I've got a question for you, Ryan - what style of Wing Chun is Benny Meng teaching you at the museum? Is it Moy Yat's Ving Tsun or Hung Fa Yi? I'm curious about the differences.

06-11-2001, 07:19 PM
well He still teaches us the Yip Man Ving Tsun, but only as a secondary. i will say that i was in Si Taai Gungs(Yip Man)Family of ving tsun for almost a year, but Hung Fa Yi is just that much more complete. i thought that Yip Man was as far as it could go, but i was wrong, Hung Fa Yi is the top of the class. any thing that i had ever questioned in Yip Man was Answered in Hung Fa Yi. and just for a little more info Hung Fa Yi and another version called Chi Sim Ving tsun were the original styles of Ving Tsun.. If you havnt visited the website you should. www.vtmuseum.org (http://www.vtmuseum.org)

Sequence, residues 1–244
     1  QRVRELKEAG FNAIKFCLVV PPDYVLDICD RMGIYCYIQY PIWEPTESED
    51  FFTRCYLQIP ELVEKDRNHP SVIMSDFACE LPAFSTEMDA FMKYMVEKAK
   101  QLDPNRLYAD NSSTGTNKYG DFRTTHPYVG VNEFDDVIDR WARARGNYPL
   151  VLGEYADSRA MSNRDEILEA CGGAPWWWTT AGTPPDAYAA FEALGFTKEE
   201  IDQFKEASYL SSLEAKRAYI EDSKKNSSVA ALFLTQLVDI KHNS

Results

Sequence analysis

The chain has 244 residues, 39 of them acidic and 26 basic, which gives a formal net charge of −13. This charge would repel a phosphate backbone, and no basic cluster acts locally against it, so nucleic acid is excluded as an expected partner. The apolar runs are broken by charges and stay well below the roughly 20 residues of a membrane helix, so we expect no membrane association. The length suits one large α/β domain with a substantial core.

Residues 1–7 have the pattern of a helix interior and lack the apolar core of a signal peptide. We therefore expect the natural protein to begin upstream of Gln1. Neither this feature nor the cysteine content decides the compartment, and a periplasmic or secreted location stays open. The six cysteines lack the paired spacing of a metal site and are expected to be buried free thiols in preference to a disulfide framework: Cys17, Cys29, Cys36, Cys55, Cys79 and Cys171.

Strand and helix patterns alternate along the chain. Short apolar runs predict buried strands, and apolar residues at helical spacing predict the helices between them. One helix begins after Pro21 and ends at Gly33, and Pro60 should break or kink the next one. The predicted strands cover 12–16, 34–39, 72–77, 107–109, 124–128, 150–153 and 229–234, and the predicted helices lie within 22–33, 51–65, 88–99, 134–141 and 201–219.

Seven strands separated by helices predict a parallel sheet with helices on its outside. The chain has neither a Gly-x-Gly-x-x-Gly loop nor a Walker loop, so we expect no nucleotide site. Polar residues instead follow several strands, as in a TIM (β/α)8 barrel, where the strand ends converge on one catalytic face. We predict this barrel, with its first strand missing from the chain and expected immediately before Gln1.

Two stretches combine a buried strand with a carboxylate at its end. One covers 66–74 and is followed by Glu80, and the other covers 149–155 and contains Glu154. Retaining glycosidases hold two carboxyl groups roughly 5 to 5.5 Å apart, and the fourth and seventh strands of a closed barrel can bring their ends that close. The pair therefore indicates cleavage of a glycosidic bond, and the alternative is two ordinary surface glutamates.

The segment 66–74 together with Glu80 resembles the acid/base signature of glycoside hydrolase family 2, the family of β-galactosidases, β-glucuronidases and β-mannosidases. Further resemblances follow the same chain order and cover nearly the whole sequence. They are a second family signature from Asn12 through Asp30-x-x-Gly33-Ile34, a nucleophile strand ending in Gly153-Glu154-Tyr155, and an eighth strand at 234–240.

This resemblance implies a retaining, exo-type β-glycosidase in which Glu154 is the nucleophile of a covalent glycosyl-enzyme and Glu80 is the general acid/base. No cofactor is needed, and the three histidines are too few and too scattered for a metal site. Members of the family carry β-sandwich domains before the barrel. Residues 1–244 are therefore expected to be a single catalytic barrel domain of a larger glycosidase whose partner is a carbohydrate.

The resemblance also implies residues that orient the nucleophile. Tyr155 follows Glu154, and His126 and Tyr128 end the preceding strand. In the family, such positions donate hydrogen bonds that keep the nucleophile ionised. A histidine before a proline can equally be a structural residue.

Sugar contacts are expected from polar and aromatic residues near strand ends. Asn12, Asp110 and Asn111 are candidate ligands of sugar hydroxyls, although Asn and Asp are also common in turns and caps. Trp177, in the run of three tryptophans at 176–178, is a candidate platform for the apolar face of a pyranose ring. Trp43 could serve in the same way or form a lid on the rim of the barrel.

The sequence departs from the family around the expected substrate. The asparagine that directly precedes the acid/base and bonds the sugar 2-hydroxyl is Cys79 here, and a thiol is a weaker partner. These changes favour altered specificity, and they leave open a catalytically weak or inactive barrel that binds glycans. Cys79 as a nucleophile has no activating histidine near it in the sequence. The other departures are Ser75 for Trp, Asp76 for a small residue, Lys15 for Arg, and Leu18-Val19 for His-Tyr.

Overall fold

thanks again

06-11-2001, 08:54 PM
I'm curios about the contrasts. What is "incomplete" about Ip Man Wing Chun, and how does Hung Fa Yi complete those perceived discrepencies?


Not to tire of learning is wisdom;
Not to weary of teaching is benevolence.
-- Tzu-kung

kungfu cowboy
06-11-2001, 09:45 PM
I second!! :)

kungfu cowboy
06-11-2001, 10:04 PM
Hey Watchman, in that first picture, you look like you are gettin' down, and about to slap somebody five! :D (perhaps while simultaneously saying, "Dyyynnnnnooooomite!!") :p

06-11-2001, 11:11 PM
HI Guys,

I will immmediately ban Highlander from this forum for having the audacity to try and post informative and non-political posts :p Well.......maybe we should give him another chance ;)

Now to the other stuff;

Wu Mei is a system of Kung Fu which claims to have been developed by Ng Mui, the "historical" founder of the Wing Chun system. It supposidly contains more advanced techniques and practicianers of this art like to claim that Wing Chun is a "Beginning" version of their system. Not too sure I buy this though. I visited the school in NYC a couple of years ago and found them to be friendly enough. Some of the things they did looked, ah interesting but I did not see where Wing Chun was in any way inferior, of course I only visited a short time so I could have missed something.